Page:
- RADARSAT Constellation (2019-)
The RADARSAT-1 project consisted of collaboration between the Canadian federal government and provinces, the United States, and the private sector. RADARSAT-1 was launched by NASA on November 4, 1995, although it was owned and controlled by the Canadian Space Agency. The project had a projected lifetime of 5 years, but operated for 18 years before failing in 2013. The goal of this project was to produce a satellite for earth observation by way of a Synthetic Aperture Radar, which is an advanced radar sensor and powerful microwave instrument capable of producing high quality images of the Earth during day or night and across a wide range of weather conditions including cloud cover, smoke, and haze. As a result of the versatility of RADARSAT-1, it has proven highly beneficial to both commercial and scientific users.
RADARSAT-2 was constructed with several improvements over the RADARSAT-1 project, making it one of the most advanced radar imaging satellites in the world. Some of the improvements over RADARSAT-1 include increased spatial resolution, multiple polarization filters, solid state recorders, and GPS receivers on board.
Main article: RADARSAT Constellation
RADARSAT Constellation was constructed in order to make improvements on the previous model (RADARSAT-2). This rendition will use a constellation of three small satellites to provide greater coverage while minimizing service interruptions. This system allows for one of the three satellites to pass over an exact location every 4 days in comparison to the 24 day time frame of its predecessors. RADARSAT Constellation has an orbit around Earth at 600km making a full pass every 96 minutes with each of the three satellites separated by a span of 32 minutes. The mission aims to aide with disaster management as well as monitor ecosystems.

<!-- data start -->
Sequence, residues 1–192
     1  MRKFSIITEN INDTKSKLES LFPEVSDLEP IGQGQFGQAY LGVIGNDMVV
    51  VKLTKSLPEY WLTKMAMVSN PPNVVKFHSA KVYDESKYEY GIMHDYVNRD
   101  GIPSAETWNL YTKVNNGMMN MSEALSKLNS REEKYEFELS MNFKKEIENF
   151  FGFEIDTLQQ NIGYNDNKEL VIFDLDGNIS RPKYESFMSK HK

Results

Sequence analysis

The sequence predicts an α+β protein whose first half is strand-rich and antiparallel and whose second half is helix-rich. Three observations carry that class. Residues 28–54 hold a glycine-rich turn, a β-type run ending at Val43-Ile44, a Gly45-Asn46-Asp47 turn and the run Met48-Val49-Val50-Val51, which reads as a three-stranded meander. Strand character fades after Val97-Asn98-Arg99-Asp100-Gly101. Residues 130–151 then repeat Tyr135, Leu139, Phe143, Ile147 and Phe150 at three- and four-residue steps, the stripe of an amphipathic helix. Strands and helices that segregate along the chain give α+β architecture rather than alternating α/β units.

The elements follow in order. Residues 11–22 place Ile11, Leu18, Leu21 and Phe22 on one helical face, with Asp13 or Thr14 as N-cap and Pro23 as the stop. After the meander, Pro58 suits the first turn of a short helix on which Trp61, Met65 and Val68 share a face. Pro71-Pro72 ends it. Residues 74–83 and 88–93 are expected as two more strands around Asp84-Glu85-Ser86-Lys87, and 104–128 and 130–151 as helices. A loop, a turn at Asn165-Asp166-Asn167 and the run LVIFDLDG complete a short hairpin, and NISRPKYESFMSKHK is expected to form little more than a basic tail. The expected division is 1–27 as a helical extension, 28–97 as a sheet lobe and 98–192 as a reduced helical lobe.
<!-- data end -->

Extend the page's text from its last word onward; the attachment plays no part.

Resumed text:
RADARSAT International (RSI) was formed in 1989 to market, process, and distribute data from RADARSAT-1. It was owned by a consortium of aerospace companies consisting of MDA, Spar Aerospace, COM DEV International, and Lockheed Martin.
RSI provided Earth-observation data and derived information products from RADARSAT-1 along with data from other commercially available Earth-observation satellites including Landsat 4, Landsat 5, Landsat 7, IKONOS, IRS, ERS, QuickBird, and ENVISAT.
MDA GSI holds the operating license for RADARSAT-2 under contract from the Canadian Space Agency.
Main users of RADARSAT data
The Canadian Ice Service (CIS) is one of the largest processors of the RADARSAT data. Once the CIS has processed the data at the Canadian Center for Data Processing (CCTD) in Gatineau, Quebec, it is then provided to clients such as the Canadian Coast Guard (CCG). Since RADARSAT data is readily available in near-real time, it is one of the best source of information to use for coastal monitoring, ship detection and maritime ice navigation.
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